Romanian words of Dacian origin: this is a shepherd (baci), wearing a mustache above his upper lip (buză), a hat (căciulă), a wide belt (brâu). here are trees (copaci) between him and his hamlet (cătun), a brook (pârâu) too. His sheep will give milk for good cheese (brânză), whey-cheese (urdă) too. His clever dog probably doesn’t ned a collar (zgardă) and it brings the man great joy (bucurie).

“The high number of Latin terms in agriculture, animal husbandry and the shepherds’ life prove that, besides the shepherds who drove their flocks throughout Romania’s territories, contributing by their movement to standardizing the language, there were also sedentary Romanians employed in farming and stock breeding”

Sextil Pușcariu, Limba română
Roman Dacia (years 106-271) - Transylvania Romania Origin Etymology
Roman Dacia (years 106-271). Note today’s Transylvania included (Porolissensis and Apulensis on the map), surrounded by the Carpathian Mountains. Maris river is today’s Mures. Towns mentioned in in brackets are the names used today.

After the Roman withdrawal from Dacia and until the 4th century AD many neighboring tribes came to Transylvania, stayed for a while, took what they could and then went their separate ways – as you can read in my previous blog post here. Then the Slavs also visited, stayed longer as they were peaceful tribes, mingled with the local Daco–Roman population. Till the 9th century when the Bulgarian Empire stretched over Transylvania, coming from the south of Danube river although the degree to which most of the territory in Transylvania was under Bulgarian control is disputed.

The period of late antiquity and early Middle Ages, especially in Eastern Europe, does not provide much information. Nor for local Daco-Romanian population, nor for invaders, be it Bulgarians or Hungarians. But what does remain is the language used by the local population, the Dacians, reflected in contemporary vocabulary as well as in the names of cities and the geographical forms of relief, especially rivers, and in the folklore and the local traditions.

As the Romans withdrew from Dacia (Transylvania included), I believe it is exactly the apparition of the new, various invaders who came in waves for almost 1 000 years that helped the native Daco-Romanian population outline and strengthen its national identity. A pattern of establishing new relationships between the inhabitants of Dacia, Latin speakers, and the invaders would have also developed, while the product would have emerged as Vlachs. And instead of one place we can pinpoint on a map, there would have been a multitude of such places of origin from where the newly formed nation and its spirit would have spread out to the larger areas, the ones we know of for certitude today.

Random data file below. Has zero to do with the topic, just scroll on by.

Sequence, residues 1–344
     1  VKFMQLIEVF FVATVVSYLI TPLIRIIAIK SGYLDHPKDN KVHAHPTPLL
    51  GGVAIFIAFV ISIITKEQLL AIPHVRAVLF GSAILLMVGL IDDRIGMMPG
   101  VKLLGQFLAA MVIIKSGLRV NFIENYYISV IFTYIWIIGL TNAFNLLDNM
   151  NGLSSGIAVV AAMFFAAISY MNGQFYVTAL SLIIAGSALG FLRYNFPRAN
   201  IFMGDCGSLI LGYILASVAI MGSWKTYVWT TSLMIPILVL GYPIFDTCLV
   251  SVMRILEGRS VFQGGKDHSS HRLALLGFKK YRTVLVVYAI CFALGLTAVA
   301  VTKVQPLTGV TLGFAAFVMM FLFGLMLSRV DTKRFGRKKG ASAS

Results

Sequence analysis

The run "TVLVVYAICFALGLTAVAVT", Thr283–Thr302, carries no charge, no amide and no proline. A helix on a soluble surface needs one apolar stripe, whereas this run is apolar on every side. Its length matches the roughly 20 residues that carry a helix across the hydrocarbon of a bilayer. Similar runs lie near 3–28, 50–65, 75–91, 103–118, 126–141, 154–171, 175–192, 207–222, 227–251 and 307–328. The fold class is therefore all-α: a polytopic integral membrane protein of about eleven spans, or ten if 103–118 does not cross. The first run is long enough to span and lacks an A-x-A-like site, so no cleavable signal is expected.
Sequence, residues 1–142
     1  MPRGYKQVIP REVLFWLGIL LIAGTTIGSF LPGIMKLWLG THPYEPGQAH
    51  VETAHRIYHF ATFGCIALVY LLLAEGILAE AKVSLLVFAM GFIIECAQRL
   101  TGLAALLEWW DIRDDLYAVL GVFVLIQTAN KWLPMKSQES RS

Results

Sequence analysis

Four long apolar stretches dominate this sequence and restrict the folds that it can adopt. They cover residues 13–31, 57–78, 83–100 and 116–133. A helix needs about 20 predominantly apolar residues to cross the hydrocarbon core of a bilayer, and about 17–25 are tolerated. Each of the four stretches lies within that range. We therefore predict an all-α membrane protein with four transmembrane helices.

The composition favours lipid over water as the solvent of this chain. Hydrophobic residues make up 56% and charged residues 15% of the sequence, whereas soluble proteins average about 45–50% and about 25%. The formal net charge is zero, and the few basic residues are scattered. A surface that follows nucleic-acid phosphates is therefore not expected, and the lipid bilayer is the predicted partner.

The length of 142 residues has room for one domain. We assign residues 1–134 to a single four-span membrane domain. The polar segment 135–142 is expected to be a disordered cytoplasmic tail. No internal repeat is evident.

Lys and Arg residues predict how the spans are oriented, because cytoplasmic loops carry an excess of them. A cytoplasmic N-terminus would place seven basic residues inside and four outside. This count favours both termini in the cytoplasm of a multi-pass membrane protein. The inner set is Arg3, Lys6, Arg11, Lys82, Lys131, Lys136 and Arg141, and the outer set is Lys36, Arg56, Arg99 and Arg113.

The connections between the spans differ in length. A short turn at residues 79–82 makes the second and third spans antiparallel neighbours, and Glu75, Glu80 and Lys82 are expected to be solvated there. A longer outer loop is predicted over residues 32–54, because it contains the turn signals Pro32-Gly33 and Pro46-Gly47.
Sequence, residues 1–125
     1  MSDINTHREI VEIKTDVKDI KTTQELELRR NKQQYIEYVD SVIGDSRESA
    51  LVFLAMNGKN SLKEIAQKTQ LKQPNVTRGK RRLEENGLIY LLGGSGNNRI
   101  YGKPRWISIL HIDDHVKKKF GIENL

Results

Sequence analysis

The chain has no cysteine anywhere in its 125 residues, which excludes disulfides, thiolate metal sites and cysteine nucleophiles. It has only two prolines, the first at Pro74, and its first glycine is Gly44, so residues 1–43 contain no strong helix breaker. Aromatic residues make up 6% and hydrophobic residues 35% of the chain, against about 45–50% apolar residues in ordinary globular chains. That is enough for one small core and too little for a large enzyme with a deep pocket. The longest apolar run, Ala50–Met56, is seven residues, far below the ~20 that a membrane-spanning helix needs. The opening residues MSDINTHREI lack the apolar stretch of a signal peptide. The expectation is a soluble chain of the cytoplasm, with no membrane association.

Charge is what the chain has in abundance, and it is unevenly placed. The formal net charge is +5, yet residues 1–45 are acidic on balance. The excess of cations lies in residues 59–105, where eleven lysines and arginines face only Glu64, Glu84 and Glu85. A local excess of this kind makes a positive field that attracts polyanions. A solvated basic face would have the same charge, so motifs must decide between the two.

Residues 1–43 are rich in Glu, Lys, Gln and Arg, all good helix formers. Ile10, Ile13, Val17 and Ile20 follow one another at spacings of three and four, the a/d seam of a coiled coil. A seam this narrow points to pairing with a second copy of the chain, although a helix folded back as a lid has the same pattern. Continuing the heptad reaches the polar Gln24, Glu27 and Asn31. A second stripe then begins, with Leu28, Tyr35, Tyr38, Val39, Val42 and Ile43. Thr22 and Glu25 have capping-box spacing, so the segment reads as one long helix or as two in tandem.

During the last fifty years archeological discoveries have unearthed more than 2000 settlements and necropolises discovered over the entire territory of Romania and dating between the 9th and 11th centuries. They show a demographical concentration in the plains, hills, highlands, but also in the subcarpathian areas, revealing various degrees of political organization. For example at Biharea, where Menumorut’s fortress was located, and around it, were discovered by I. Crişan, the remains of 133 archeological sites of Romanian and Romanian-Slav villages, fairs, and citadels dating from the 8th – 11th century, proving the existence of a Romanian, indigenous civilization and culture.

To summarize, we can see that most of Romania was part of Roman Empire and remained so for five generations, as were all of today’s Latin speaking European countries. Geto-Dacians learned Latin, as the words of Latin origin still in use in Romanian language today prove. After Romans withdrew from Dacia, a solid Latin speaking population stayed behind, away from the main roads, inhabiting deserted Roman temples and the sacred mountains, where they found refuge and peace. The tribes that washed over Romanian territories in the following years influenced the language and the culture of the Romanian people, in turn borrowing from them into their own culture, co-habituating with the local Romanian population. Latin names of rivers, agricultural terms, animal husbandry and terms used in a shepherds’ life still in use today all prove the existance of a strong Latin civilasation living throughout the centuries in today’s Romania.

Nestor’s chronicle (Povest vremennykh let) on the history of Slavs in Romania and the presence of Romanians, Vlachs, in Transylvania

Chronicle of Nestor or Kiev Chronicle or The Russian Primary Chronicle is a medieval historical work offering detailed accounts of the early history of eastern Slavs to the beginning of the 12th century. The chronicle was compiled in Kiev around 1113, based on materials from Byzantine chronicles, Slavonic literary sources, official documents, and oral sagas. The earliest manuscript still existing is dated to 1377. While the authorship was traditionally attributed to monk Nestor, modern scholars considers the chronicle to be a composite work.

Nestor’s chronicle provides us with some of the oldest testimony of the Romanians by referring to relationships between the Wallachians, the white Ugrii, and the Slavs. The same chronicle refers to the Hungarian’s initial advance though the Verecke mountain pass
towards the Tisa Plain, or Tizsa, and how the Hungarians fought the Wallachians and the Slavs living here (Tisa plains are located west of today’s north-west border of Romania).

For it was through the Verecke mountain pass that in 895 the Hungarian tribes entered the Carpathian Basin and during the next two centuries established the Kingdom of Hungary.